…I think she was harboring a great amount of resentment toward him, again, for a very good reason, but no, I don’t buy that they didn’t love each other. Their version of love is certainly not a storybook fairytale version of love, but these are two people who absolutely needed one another in so many ways, personally and professionally. They truly understood each other. I like to think of them as two broken, fragmented people on their own but when they’re together they make up this one, whole, magnificent human.
TVLINE | It’s true that thinking about love can be a completely different thing in retrospect than it is when it’s happening.
Completely, especially because what ends up happening 20 years down the line, it’s not great. [Laughs] Bill does some stuff that I would probably be upset about, too.
TVLINE | The “Fight” episode that everyone was talking about last season: When you were reading the script, did you know it was going to hit so big?
You never really know that and I don’t know how helpful it is to think about it in that way… I couldn’t be a huger fan of all the people on our show; my castmates are incredible and just so skilled and awe-inspiring. So to do something with just [myself and Michael Sheen], I suppose there was a part of me that thought people were going to miss our other characters who are really loved by a lot of the audience, but I do think there was a lot of important ground covered in that episode. It was beautifully written. Amy Lippman wrote it and I think she really hit the nail on the head in many areas.
TVLINE | Michael Sheen has said that you’ve done so many sex scenes that nothing is awkward between you two on set anymore. What is the vibe like during breaks in shooting those scenes now? Do you try to maintain the tone of the scene? Do you feel a need to break the tension?
It’s funny: At the beginning, Season 1, because we didn’t know each other that well and because we were obviously placed in a fairly strange situation for people who don’t know each other all that well, not to mention the fact that we didn’t at that point know our crew all that well either, it was a room full of strangers watching some wild s—t. But we’ve now been doing it for so long that it’s quite honestly just another scene in the day. And we don’t even feel the need, like we did in those early days, to diffuse the awkwardness by making each other laugh with stupid stuff. We just continue the conversation we were having before we were sitting there without our clothes on. It does not raise our blood pressure in the least. It’s quite honestly just another moment at work.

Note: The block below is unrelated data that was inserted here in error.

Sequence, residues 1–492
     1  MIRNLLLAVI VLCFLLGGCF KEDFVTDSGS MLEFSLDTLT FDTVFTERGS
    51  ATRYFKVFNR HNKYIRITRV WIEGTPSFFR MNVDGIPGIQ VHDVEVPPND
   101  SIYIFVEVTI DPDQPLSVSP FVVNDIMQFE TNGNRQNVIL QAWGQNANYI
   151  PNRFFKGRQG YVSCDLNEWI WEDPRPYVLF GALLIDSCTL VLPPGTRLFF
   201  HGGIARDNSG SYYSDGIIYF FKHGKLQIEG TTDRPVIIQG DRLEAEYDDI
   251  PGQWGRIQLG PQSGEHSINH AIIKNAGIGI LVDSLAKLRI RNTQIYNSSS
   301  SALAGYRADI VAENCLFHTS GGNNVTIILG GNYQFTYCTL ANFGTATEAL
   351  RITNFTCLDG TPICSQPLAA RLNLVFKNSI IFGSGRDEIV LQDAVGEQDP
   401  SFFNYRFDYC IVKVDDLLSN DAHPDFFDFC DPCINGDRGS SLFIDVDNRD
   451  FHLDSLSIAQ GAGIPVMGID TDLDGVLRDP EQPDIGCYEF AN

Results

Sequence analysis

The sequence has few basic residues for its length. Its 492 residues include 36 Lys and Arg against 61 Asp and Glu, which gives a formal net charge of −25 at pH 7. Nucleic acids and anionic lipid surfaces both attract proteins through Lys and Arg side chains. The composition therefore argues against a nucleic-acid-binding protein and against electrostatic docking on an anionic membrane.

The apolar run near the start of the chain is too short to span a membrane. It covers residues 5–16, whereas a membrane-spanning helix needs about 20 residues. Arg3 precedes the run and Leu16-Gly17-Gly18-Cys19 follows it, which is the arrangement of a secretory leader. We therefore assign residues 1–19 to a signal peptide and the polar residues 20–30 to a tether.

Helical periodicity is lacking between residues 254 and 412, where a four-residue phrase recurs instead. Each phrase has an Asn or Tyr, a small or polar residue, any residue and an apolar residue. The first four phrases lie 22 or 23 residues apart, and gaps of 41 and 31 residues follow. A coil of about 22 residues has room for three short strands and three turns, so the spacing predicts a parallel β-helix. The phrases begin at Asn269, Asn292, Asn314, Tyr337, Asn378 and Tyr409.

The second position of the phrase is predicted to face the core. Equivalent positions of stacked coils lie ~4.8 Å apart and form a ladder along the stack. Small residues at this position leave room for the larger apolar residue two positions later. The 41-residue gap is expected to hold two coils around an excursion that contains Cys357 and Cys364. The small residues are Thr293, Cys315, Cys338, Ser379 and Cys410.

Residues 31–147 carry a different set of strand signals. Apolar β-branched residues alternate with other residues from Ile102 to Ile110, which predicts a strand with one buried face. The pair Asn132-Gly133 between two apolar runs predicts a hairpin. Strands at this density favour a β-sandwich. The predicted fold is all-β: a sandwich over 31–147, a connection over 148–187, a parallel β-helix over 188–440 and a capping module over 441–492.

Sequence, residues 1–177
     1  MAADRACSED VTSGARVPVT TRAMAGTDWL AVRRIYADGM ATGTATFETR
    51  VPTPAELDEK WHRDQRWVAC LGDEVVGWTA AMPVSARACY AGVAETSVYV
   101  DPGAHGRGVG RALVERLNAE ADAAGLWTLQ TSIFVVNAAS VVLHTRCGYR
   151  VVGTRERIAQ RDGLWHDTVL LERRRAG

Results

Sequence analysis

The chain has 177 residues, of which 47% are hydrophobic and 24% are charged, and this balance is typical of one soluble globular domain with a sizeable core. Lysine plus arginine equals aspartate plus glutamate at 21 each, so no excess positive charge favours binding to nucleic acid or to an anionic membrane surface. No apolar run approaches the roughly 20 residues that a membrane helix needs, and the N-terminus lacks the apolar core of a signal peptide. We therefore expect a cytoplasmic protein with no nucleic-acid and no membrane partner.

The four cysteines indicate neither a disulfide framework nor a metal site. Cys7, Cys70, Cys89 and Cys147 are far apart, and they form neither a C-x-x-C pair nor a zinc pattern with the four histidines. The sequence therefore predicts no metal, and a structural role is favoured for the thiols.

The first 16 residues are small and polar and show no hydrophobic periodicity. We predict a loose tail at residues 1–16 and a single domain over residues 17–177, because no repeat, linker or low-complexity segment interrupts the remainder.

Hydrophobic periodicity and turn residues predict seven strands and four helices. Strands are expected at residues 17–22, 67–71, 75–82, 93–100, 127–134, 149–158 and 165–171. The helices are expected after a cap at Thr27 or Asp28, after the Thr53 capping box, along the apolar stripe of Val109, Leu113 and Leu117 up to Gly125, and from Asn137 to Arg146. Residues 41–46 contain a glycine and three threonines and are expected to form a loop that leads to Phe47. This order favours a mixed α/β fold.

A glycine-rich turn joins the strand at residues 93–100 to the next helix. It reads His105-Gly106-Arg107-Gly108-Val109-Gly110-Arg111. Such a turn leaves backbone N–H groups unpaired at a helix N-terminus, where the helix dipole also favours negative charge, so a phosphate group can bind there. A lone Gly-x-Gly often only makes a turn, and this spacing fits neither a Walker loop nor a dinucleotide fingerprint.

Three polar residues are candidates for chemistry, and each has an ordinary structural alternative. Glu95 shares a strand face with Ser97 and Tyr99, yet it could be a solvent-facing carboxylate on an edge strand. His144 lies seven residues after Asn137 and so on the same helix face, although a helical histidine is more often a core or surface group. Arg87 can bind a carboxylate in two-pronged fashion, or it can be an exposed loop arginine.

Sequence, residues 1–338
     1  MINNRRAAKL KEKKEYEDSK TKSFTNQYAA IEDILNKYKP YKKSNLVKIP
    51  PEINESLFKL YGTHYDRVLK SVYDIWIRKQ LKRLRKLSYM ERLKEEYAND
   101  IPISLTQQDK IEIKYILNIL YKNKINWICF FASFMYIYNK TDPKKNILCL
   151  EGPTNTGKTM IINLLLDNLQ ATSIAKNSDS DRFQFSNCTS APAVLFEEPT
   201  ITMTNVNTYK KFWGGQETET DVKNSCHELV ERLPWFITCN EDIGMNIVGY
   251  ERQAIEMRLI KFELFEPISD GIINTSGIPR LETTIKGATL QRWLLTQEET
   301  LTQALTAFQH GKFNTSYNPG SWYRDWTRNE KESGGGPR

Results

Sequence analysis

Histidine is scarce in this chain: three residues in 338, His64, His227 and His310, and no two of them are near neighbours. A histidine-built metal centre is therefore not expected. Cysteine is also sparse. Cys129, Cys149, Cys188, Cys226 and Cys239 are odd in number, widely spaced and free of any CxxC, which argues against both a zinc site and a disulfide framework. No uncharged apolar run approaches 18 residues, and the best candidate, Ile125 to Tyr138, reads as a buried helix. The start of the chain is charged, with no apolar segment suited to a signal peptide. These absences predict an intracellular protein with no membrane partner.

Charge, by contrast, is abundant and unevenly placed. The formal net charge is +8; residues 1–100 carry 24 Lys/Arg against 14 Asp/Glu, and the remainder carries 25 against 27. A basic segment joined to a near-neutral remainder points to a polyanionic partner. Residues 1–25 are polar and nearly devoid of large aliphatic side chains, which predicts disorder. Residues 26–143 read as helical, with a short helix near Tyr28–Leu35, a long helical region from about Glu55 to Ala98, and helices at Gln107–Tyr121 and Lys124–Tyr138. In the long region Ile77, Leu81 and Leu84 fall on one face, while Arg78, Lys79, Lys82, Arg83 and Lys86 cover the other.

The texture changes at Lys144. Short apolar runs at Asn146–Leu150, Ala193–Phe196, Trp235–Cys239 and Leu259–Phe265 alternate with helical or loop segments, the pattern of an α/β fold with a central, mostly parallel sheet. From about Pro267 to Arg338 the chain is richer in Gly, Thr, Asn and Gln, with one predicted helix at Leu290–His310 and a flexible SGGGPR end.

TVLINE | That’s amazing.
It is. It’s weird.
TVLINE | In the Season 3 trailer, there’s a moment where Libby kisses Virginia and says something like, “I always wanted to know how you taste” or something like that.
You just made it so much nastier than it is. [Laughs] It’s “I always wondered what it was like“!
TVLINE | So sorry! Perhaps that was from the fan fiction I’m writing on the side. Can you tease what leads up to that scene?
[Laughs harder] I haven’t seen the episode yet, but that scene when we were shooting it, I felt like something, there are moments in shooting this show where a scene will stand out to me and will feel special, like we’re doing something interesting. Usually those scenes are the ones that are the eeriest, strangest, saddest ones. The scene with Libby and I, the two of us having a conversation — I think the show is at its strongest when two people are having conversations about two different things but pretending to have a conversation with one another. And that’s fully what’s going on there. It just ended up being very quiet, eerie and beautiful and not what you’d think from the trailer.
TVLINE | Josh Charles is coming on — his character, in real life, is someone the real Virginia was involved with. What can you tease about their relationship on the show?
Josh Charles plays a character named Dan Logan… He plays this millionaire perfume tycoon who starts working with Masters and Johnson at the Masters and Johnson Institute because he wants to unlock the secret of pheromones for his perfume business. All of that really happened… This guy enters their world and is the catalyst for massive plot twists. For all of Masters’ staid, buttoned-up uptightness, Dan Logan is all charm and charisma and so that is going to throw a wrench into all sorts of things.